A new quantum-enabled gas imaging camera will help reduce environmentally damaging methane leaks from the oil and gas industry
The quantum-enabled gas imaging camera can visualise and measure the amount of methane gas being lost through leaks from great distances.
Methane is 84 times more potent as a greenhouse gas than carbon dioxide and scientists estimate that if just 3.2% of methane brought up from wells leaks rather than being burnt, natural gas becomes even less eco-friendly than coal.
The camera will reduce costly losses of gas, make facilities safer and keep greenhouse gases out of the atmosphere.
It has been developed by University of Bristol spinout QLM Technology and funded by the Industrial Strategy Challenge Fund’s commercialising quantum technologies challenge.
UK Research and Innovation’s commercialising quantum technologies challenge director Roger McKinlay said: “This camera uses state of the art quantum technology to ‘see the invisible’.
“It will help reduce the amount of methane which escapes into the atmosphere through leaks, which is both costly to the oil and gas industry and damaging to the environment.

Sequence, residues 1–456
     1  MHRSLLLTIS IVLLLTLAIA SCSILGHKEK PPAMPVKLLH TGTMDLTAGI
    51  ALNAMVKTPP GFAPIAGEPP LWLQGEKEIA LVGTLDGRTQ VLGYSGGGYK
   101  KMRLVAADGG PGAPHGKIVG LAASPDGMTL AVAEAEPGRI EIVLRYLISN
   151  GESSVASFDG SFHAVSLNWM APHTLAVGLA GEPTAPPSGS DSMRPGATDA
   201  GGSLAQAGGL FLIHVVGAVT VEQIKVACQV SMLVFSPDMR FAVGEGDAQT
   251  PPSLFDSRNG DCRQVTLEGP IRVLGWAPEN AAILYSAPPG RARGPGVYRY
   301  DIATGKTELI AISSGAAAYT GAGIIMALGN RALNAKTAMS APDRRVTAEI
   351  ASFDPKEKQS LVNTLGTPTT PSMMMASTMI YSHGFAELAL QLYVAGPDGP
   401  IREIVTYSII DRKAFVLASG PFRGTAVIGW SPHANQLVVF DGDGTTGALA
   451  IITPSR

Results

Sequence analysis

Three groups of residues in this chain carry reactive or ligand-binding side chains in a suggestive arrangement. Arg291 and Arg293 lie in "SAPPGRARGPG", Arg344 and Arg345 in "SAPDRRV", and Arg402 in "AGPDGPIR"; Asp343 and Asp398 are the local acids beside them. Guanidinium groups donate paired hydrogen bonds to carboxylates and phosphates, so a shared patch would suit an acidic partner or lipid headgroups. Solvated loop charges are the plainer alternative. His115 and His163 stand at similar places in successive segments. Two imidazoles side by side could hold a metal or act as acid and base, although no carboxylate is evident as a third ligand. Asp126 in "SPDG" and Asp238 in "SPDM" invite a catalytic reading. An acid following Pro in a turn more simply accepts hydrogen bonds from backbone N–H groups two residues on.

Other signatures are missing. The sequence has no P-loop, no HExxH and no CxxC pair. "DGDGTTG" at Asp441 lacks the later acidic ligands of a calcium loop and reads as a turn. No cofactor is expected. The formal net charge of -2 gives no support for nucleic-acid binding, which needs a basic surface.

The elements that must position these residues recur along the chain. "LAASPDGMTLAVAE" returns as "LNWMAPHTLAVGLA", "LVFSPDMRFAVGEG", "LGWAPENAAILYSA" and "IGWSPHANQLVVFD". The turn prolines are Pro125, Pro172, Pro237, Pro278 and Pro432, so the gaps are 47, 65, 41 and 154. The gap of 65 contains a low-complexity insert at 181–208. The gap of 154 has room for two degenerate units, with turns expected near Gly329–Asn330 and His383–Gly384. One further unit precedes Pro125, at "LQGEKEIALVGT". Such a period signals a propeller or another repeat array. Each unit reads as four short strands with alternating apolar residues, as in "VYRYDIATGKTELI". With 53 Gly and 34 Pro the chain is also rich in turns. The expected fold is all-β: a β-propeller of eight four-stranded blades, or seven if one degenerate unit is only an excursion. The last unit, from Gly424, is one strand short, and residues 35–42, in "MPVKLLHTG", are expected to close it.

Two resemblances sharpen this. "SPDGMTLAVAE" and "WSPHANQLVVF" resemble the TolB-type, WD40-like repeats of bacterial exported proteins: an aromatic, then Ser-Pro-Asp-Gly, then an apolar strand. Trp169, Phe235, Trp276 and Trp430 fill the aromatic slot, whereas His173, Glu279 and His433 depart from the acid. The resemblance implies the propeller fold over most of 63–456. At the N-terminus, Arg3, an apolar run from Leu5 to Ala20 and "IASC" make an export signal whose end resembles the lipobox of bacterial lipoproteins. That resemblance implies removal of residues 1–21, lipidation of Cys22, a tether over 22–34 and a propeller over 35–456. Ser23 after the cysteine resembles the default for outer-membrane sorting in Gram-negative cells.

“In the year of COP26, innovations like this that find practical ways of reducing emissions have never been more important.”
Murray Reed, CEO of QLM Technology, said: “The oil and gas majors have pledged to significantly reduce their methane emissions, but you can’t manage what you can’t measure and no-one is measuring methane properly, continuously, and at scale.
“The scale of the problem is enormous, with more than half a million active gas wells in North America alone, and many thousands of offshore rigs and gas storage facilities worldwide.
“In the UK we have 24 major pipeline compressor stations, which power long-distance natural gas pipes, and hundreds of above ground storage installations. All are leaking at some time.”
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